Swimming with Alligators is not Allowed at Juniper Springs

First of all, alligators are spread all over Florida as well as nine other US states - from Texas all the way up to North Carolina. Alligat...

First of all, alligators are spread all over Florida as well as nine other US states - from Texas all the way up to North Carolina. Alligators are pretty peaceful creatures and usually avoid people encounter, however before swimming in a river or a freshwater lake, it doesn't hurt to check surroundings to make sure there is no alligator nearby. Not only can it save your life, but help keep a poor fellow gator out of trouble. Although alligators naturally live at beautiful Juniper Springs Recreation Area in Central Florida, there has not been any problems with them in a pool where swimming is allowed.

Unexpectedly, Juniper Springs was one of the best experiences in our recent trip to Florida. We stayed at Ocala, FL with a plan to swim with manatees in Crystal River, but this changed in the last minute, so I had to google up an alternative plan. Luckily, Juniper Springs were only 30 minute drive from Ocala and the park was not crowded at all despite the fact that half of Canadians and quarter of Americans poor into Florida each year during winter holidays. 
The highlight of the park is its natural thermal springs that gush out year around with a constant water temperature of 72 F / 22 C.
13 million gallons / 50 million litres of water flow daily from Juniper and nearby Fern Hammock springs. That's enough water to fill up 20 Olympic-size pools! 
The white area is where the springs water is coming from.
Water is crystal clear, so it's perfect for snorkelling. Different species of fish also live there, so it's quite fun to explore the pool underwater.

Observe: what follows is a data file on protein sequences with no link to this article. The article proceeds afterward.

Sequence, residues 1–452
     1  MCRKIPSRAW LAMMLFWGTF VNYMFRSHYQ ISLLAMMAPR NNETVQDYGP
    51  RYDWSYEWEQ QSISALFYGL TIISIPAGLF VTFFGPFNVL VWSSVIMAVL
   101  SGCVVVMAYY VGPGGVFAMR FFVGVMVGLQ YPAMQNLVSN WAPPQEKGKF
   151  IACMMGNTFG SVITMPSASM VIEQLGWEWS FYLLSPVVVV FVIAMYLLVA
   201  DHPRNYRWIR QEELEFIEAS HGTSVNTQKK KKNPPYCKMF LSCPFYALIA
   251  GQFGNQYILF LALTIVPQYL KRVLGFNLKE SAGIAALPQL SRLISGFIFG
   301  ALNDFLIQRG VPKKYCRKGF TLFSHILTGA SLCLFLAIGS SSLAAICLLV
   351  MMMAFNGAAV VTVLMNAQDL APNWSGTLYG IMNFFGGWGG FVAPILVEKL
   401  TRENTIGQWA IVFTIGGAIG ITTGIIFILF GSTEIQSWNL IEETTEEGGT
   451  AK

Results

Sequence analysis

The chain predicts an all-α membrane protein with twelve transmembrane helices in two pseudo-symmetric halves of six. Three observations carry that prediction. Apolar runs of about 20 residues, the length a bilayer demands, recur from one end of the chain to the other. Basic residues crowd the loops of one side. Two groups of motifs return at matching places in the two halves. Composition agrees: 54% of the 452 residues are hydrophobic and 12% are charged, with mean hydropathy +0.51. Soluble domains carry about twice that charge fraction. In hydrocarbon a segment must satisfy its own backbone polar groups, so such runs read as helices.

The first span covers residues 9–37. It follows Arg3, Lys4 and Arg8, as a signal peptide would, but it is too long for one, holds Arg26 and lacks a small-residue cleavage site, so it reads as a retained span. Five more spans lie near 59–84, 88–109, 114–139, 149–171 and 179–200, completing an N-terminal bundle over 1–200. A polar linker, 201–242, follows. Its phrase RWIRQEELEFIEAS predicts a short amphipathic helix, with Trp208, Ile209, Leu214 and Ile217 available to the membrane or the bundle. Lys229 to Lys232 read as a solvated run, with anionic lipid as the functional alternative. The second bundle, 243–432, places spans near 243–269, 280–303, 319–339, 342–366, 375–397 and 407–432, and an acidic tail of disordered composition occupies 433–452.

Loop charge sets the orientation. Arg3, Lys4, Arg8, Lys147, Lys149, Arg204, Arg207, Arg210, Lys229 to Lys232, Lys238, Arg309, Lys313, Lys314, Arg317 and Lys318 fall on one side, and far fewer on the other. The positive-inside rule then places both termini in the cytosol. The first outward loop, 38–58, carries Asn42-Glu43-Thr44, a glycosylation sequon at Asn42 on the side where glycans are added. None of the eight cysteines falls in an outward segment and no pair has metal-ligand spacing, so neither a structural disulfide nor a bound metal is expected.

The park is one of the oldest recreation areas in the whole US East Coast. It was established in 1930s by the Civilian Conservation Corps (CCC) - a squad of workers created by the government to fight the Great Depression while making parks across the US more accessible for people. A beautiful vintage mill house that used to generate electricity is a reminder of that era.
The best way to explore the park is by kayak or canoe. I was told by a park ranger that a 7-mile run along the Juniper Springs Creek can be quite challenging and is not for novice kayakers / canoers. Unfortunately, we didn't try it this time as it takes 3 to 5 hours to complete the trip one-way (a shuttle will take you back to the parking lot and carry the equipment) and it was already too late to start it. But it's definitely in my do-to list for the next time. On the picture below - the kayak / canoe launch platform. You can't go there without a ranger as a mother-bear lives nearby and she can be very dangerous trying to protect her cubs.
Juniper Springs Recreation Area has a campground which makes it easier to explore the park. Each campsite has a food hanger.
Despite its small size, you can actually see a lot of wildlife and enjoy shady canopy of cypress, palm and oak trees.
There are dozens of smaller springs here and there.
If you're lucky, you can see turtles and even alligators at Fern Hammock Springs where a short hiking trail takes you. 
Alligator is hiding under a tree log. So this is where you aren't supposed to swim.
I loved this place as it's very secluded and picturesque. This is real Florida.

When to go
You can visit the park any time of the year. Air temperatures in winter are cooler, but probably more comfortable for hiking and kayaking / canoeing. Water temperature at Juniper Springs is constant year around - 72 F / 22 C.

Juniper Springs Recreation Area is located 27 miles / 44 km east of Ocala, FL on the Florida Route 40. If you visit Orlando, it's only about 1 hour 15 minutes drive north from there, so be sure to check it out while jumping between Disney World or Universal amusement parks.

GPS coordinates of the Visitor Center:
29.1826° N, 81.7110° W

Additional Information
For additional information visit the US Forest Service's official website.

My other posts from the road trip to Florida

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